Will North Korea Influence Iran –Or Is It the Other Way Around?

Henry Kissinger writes:

Acquiescence in the North Korean nuclear program would fly in the face of American foreign policy since we shepherded the nuclear Non-Proliferation Treaty through the international community in 1967, as well as of the policy President Obama put forward only two months ago in Prague. It would undermine the prospects of the proposed negotiations with Iran.

What if we just give up and let North Korea have its nuclear weapons? Not a good idea, he cautions:

De facto acquiescence in a North Korean nuclear program would require a reconsideration of U.S. strategic planning. More emphasis would need to be given to missile defense. It would be essential to redesign the American deterrent strategy in a world of multiple nuclear powers — a challenge unprecedented in our experience. The enhanced role of non-state actors with respect to terrorism would have to be addressed. The concepts of deterrence against state actors are familiar, though not in a world of multiple nuclear powers. They have little or no relevance to non-state actors operating by stealth.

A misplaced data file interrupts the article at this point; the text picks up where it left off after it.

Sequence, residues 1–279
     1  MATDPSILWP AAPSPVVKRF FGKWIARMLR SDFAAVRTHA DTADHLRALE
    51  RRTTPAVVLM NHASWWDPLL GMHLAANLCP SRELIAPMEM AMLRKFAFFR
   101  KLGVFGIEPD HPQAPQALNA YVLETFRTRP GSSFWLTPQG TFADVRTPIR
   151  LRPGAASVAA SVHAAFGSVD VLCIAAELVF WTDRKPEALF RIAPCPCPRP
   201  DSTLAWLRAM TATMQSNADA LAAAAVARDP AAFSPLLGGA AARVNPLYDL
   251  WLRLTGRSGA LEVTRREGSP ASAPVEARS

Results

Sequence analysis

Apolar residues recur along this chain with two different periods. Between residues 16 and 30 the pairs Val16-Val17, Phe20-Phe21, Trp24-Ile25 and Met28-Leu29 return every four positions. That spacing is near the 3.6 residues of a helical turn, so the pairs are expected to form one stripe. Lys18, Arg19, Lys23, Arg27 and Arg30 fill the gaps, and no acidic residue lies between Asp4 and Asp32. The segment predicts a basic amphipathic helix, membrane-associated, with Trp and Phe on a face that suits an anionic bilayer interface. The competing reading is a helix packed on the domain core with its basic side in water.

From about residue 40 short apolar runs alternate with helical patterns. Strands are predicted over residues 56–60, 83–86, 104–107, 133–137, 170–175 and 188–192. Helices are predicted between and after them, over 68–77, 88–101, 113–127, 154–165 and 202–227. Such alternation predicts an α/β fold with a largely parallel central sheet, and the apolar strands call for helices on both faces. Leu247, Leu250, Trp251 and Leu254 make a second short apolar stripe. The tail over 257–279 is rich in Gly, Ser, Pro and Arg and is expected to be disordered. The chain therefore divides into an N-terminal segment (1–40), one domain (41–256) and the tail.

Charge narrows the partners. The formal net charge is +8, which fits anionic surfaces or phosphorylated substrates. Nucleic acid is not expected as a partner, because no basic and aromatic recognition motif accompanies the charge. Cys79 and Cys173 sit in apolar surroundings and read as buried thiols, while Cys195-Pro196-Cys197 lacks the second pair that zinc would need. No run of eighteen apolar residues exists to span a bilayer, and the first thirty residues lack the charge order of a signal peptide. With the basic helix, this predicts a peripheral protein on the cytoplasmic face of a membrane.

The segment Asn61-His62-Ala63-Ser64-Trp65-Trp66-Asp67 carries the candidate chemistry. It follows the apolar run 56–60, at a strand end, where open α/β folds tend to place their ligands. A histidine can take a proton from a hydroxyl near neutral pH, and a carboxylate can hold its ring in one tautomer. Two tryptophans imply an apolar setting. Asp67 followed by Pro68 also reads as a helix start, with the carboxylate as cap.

Well, one can appreciate the concern for how capitulating to North Korea might impact Iran. But didn’t the president essentially throw in the towel already on Iran with his mumbo-jumbo about “No single nation should pick and choose which nations hold nuclear weapons” and his wish-upon-a-star desire that Iran share our non-proliferation goals? So perhaps the dangerous acquiescence has already taken place — and North Korea is taking its cues accordingly.

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Will North Korea Influence Iran –Or Is It the Other Way Around?

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